At the International Computer Electronics Show in Las Vegas this month, LG manufacturing will show off an all-in-one desktop with the Google Chrome operating system. It’s called “Chromebase.” All-in-ones have all their innards stuffed into the case that holds the screen. More importantly, the big advantage of the Google operating system is that it updates your computer every time you start it up. It corrects any problems that are slowing down your system and eliminates viruses. Poof, it’s magic!
Tabletop computers are the latest thing this season. They’re flat enough to mount into a coffee table. The ones getting the best reviews are full-fledged Windows 8 computers and cost $900 to $1800. They have stands – like a kickstand – if you prefer it that way.
The 27-inch Lenovo IdeaCentre Horizon is the jazziest and
Interesting new android tablet from a company we never heard of: Astak. It’s called a Neos, costs a bit under $500 and is permanently mounted on an inclined stand. The whole thing is much heavier than a tablet alone, and you wouldn’t want to hold it in your lap. In fact, our initial reaction was negative. Like: who needs this? Now we love it. It’s like having a small TV in the kitchen. Listen to music, watch news and lectures, display recipes as you work, play games. It seems to be waterproof, though we don’t want to try dunking it in the sink. Many apps are available offline, others require the Internet, cabled or wireless. It also takes camera cards […]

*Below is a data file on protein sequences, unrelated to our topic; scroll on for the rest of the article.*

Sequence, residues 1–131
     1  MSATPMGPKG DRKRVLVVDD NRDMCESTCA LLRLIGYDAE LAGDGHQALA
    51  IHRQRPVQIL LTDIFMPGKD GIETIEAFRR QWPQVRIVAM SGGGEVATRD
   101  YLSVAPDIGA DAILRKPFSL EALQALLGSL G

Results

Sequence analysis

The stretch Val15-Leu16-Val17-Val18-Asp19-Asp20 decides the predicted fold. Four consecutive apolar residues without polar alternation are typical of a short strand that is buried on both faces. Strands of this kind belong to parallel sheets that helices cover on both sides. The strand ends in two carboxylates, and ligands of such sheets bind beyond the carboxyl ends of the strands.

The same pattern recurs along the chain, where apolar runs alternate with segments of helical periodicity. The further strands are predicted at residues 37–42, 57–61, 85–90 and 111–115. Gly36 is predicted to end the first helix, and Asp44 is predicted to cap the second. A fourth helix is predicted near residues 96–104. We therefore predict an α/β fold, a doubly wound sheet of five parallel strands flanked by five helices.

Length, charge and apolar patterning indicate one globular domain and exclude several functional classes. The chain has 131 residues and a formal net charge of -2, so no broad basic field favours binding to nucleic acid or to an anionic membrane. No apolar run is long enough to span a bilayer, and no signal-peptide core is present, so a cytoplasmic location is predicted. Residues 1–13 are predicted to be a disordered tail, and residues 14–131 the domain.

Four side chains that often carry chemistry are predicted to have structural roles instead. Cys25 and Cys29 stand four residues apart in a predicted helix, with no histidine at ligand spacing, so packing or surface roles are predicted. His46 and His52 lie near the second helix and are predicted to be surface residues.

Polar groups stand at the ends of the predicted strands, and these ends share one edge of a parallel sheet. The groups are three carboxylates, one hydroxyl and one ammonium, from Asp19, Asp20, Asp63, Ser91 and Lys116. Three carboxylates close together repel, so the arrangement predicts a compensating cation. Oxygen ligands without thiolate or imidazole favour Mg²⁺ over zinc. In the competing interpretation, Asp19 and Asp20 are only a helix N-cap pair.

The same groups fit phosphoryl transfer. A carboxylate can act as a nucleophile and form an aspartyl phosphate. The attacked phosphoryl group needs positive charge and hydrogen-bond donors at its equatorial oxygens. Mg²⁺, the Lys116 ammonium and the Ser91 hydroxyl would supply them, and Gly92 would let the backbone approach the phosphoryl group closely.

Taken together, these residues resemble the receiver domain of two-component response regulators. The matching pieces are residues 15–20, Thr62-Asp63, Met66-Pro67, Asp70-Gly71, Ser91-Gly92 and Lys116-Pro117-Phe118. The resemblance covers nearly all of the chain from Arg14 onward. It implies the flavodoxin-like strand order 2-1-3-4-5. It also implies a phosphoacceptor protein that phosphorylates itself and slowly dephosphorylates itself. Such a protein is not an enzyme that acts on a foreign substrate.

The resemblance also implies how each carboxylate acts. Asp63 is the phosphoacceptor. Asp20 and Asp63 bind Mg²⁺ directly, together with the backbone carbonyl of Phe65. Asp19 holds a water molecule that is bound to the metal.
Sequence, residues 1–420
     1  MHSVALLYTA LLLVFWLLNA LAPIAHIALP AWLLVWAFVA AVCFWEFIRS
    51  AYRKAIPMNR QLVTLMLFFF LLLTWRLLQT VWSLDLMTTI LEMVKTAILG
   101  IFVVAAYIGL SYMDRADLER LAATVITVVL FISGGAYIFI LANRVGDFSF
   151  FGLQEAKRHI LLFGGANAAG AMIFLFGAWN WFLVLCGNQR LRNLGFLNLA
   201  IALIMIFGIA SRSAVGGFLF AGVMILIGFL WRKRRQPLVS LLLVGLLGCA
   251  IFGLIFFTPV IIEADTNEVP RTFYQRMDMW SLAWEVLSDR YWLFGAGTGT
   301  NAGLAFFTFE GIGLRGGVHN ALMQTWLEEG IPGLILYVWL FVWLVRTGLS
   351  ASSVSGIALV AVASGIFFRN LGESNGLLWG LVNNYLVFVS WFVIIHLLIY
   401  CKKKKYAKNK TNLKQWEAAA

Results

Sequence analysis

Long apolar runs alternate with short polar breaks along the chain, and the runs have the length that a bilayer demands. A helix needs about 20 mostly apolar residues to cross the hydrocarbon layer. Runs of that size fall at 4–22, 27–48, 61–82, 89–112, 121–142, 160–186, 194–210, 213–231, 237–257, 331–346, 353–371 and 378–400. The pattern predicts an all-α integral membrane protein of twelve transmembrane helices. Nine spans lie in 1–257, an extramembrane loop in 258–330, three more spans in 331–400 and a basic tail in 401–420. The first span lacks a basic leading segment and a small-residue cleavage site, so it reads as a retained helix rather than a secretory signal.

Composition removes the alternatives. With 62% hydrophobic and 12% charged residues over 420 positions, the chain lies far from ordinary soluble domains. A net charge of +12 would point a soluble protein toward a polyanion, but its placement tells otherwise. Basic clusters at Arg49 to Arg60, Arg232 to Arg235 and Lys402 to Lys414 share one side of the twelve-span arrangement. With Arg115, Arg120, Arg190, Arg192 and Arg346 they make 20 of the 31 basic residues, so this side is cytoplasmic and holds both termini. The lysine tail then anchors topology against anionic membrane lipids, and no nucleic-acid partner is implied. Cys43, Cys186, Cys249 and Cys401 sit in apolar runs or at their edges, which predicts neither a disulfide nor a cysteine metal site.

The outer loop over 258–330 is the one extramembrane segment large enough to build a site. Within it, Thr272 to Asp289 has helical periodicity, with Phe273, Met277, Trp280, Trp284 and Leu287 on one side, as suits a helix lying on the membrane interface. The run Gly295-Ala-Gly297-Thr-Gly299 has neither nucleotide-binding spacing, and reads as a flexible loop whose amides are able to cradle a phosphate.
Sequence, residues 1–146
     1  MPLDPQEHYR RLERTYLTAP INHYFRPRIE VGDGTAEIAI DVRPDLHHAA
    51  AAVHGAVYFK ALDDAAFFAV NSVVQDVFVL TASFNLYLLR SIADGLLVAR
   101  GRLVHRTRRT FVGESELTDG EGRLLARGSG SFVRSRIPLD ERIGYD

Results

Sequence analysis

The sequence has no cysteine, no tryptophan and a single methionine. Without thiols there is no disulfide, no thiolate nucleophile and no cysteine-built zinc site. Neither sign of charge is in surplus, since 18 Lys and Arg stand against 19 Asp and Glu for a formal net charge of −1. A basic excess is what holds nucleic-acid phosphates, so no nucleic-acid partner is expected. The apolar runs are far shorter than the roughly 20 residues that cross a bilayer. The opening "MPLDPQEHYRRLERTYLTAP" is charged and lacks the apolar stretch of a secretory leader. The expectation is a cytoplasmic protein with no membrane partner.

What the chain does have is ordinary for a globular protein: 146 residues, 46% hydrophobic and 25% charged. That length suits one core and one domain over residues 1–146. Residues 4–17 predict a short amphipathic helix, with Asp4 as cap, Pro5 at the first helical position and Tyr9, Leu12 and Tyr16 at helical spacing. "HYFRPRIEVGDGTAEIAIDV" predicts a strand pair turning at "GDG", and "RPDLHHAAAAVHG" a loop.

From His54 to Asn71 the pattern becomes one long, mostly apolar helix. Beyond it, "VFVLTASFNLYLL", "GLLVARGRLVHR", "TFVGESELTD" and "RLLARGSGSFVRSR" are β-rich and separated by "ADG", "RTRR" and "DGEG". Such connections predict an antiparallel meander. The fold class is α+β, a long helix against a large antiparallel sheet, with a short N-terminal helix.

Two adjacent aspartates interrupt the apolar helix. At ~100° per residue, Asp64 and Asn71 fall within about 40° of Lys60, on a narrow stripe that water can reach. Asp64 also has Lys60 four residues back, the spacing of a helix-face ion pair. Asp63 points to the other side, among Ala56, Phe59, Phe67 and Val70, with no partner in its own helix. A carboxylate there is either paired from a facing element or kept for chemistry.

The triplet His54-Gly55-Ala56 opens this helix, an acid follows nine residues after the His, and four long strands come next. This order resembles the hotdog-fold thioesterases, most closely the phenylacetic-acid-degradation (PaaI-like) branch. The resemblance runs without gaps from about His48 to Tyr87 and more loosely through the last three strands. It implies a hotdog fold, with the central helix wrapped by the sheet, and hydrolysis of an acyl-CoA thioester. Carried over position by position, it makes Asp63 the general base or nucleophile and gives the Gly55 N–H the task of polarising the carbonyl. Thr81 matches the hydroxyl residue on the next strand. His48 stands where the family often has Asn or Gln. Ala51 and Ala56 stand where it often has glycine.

A reader presented us the following dilemma: He is retiring soon and will need a phone and a computer, or maybe just a tablet. What should he get? We suggested he get all three, which if bought at current discounted prices, cost no more than just getting an iPad. Buying older versions of each of these, the total cost could come in as low as $400 and $530 at the maximum. Getting a new iPad by itself would cost $500. Here’s how it works: The iPhone Most people say that the iPhone is easier to use than an Android phone. We have to agree. We got an Android phone because we wanted to be able to test Android apps for […]
Windows “Ultrabooks” are thin, fast competitors to the Macbook Air. They usually come with relatively small solid-state drives (SSD) that use the same technology as so-called thumb or flash drives. Typically they hold around 128 gigabytes. That’s not half as much as a typical Windows laptop, but there’s a way to extend it.
TinyURL.com/PortCentral shows you a wall chart view of all the parts in your computer and what they’re called. Like, what are those different connectors on the back for? And how can I tell the difference between a parallel port, a serial port, Firewire, USB, and all that other stuff. Interesting.